Francesco Mandolini

It dates back a few decades, probably, yeah.

Paul Jay

But on the other hand, what exactly is the danger of Ukraine being in NATO? What are they going to do? If they were in NATO, that means these countries would have to come to Ukraine’s aid. The Europeans don’t want to send troops, so they don’t really want Ukraine in NATO. They just don’t want to say that they can’t be. So it’s a pissing match.

Even if they put nuclear weapons, let’s say Ukraine, and honestly, they can put nuclear weapons in Ukraine without Ukraine joining NATO. The government just has to agree to it. So let’s say they put nuclear weapons in Ukraine. Does that threaten Russia any more than all the nuclear weapons that are already aimed at Russia? No. There are already nuclear weapons within five, six, seven minutes of Moscow.

So how does it change anything? Nuclear weapons in Ukraine? And most importantly, two things, all those missiles in Eastern Europe, Western Europe, the Russians know where they all are. They’re easy to target. What the hell is the point of all this? Where’s the real threat? It’s from American submarines, which Russia can’t do anything about. But hold on, Russia has submarines. They can target the United States, and the U.S. can’t do anything about it. So they are already in a mutually assured destruction position, and putting nuclear weapons in Ukraine doesn’t change anything. It’s just a bunch of bullshit. The whole thing on ICBMs is bullshit. It’s money-making.

The military-industrial complex in the United States, to a lesser degree, but significantly the military-industrial complex in Russia, you can throw China in too— but that’s not Ukraine’s story. They’re all making a killing out of almost war in Ukraine. I don’t see any reason why Russia would actually invade Ukraine, but it’s great psychological warfare, and I believe it’s like wrestling theatre.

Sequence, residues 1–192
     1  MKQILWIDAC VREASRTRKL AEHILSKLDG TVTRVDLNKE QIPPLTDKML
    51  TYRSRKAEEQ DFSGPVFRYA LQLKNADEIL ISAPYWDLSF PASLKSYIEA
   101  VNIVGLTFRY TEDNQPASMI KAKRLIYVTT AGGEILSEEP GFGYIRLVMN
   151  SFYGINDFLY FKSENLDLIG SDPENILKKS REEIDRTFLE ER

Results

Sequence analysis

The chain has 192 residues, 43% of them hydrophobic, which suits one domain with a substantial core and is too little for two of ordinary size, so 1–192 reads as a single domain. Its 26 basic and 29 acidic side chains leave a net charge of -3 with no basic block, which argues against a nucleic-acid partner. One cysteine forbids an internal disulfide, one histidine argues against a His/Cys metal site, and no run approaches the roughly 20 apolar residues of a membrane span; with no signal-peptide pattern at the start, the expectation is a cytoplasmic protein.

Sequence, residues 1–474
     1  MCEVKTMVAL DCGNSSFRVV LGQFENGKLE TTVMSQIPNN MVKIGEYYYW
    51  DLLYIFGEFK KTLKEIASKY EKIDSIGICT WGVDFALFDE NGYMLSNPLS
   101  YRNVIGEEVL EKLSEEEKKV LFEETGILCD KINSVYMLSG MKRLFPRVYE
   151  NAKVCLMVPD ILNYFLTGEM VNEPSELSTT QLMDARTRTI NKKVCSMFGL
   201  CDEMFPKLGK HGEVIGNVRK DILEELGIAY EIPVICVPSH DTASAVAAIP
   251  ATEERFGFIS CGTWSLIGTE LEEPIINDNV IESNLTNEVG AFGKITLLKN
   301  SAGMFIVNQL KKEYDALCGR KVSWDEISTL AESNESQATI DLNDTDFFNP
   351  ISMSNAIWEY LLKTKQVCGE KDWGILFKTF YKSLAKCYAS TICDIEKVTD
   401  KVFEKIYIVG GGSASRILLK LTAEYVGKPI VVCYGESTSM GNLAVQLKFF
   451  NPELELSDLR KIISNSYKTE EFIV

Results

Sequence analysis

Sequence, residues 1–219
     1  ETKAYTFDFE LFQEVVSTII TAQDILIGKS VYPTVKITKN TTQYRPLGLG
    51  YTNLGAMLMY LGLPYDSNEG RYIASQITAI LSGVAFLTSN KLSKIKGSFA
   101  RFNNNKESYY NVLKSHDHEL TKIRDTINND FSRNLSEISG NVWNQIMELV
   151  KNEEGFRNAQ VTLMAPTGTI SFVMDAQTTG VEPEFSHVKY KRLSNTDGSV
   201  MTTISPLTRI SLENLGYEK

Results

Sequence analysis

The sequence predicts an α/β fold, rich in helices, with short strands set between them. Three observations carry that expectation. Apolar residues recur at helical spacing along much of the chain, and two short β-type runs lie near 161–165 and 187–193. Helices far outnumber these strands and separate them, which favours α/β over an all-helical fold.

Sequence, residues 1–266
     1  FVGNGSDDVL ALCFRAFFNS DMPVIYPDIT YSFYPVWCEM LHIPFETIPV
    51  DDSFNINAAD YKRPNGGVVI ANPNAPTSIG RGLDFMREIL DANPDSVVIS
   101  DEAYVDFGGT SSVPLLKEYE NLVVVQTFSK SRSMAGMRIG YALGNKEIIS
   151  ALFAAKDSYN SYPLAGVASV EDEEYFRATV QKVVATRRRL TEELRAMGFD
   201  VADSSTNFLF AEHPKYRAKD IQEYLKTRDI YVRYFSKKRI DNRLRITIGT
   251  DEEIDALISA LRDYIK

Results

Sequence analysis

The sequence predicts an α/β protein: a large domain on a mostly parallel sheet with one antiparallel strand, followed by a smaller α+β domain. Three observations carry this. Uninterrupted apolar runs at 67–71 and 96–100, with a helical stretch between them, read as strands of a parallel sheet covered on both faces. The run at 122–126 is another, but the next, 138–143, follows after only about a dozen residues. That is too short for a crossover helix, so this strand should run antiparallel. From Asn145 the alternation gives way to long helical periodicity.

But here’s the rub. When Bret Hart, this is after he had gone to the WCW or the other wrestling Federation. [Bill] Goldberg goes to do a dropkick that’s supposed to miss, and Brett’s supposed to fall down; that was the theatre. But Goldberg didn’t miss. Goldberg hit Brett in the head and caused brain damage. As a result of that hit, Brett later had a stroke ending his wrestling career.

So as scripted and theatrical as wrestling is, shit happens. People really do get hurt. And the same thing in Ukraine, as theatrical and posturing, as pissing match as this is, shit happens, accidents happens, things get out of control. Some fire, some shooting starts on one side because some soldiers get excited, and shooting gets back, and it looks like something’s going to fire.

Both the United States and the U.S. have what Daniel Ellsberg— he’s not the only one. I’m working with Daniel Ellsberg, who released the Pentagon Papers. I’m working on a documentary film with him based on his book The Doomsday Machine.

Both Russia and the United States have nuclear doomsday machines, and both can be triggered by serious on-the-ground conventional conflict. If it looks like one side or the other is actually drawn into conventional conflict, and it looks like they’re losing, the American war plan has always been, that triggers a first strike. So accidents happen. A conventional fight can break out.

In 1983, at a time of extremely high tension between the United States and the Soviet Union, [Ronald] Reagan was making all kinds of threats and language about it’s time for the fall of the Soviet Union, and we’re coming to get you. He was even caught off-mic making a threat. [Yuri] Andropov, the President of the Soviet Union, was sick and starting to really fear the U.S. was getting serious about a first strike. Well, right at that moment, a Soviet radar picked up a bunch of what looked to them like American missiles on their way. It was only because the guy in charge of the radar station didn’t know whether to believe it or not and knew Andropov was in a state of mind that he would simply fire at the United States in a preemptive strike. He didn’t tell Andropov what he saw on the radar.

Now, it turned out that the Russian scientists had planned for all kinds of things, including the radar hitting the moon and bouncing back. But in the algorithm they’d written to account for that, there’s one day of the year, which they didn’t realize, the way the radar bounced back off the moon would make it look like incoming missiles. So shit can happen.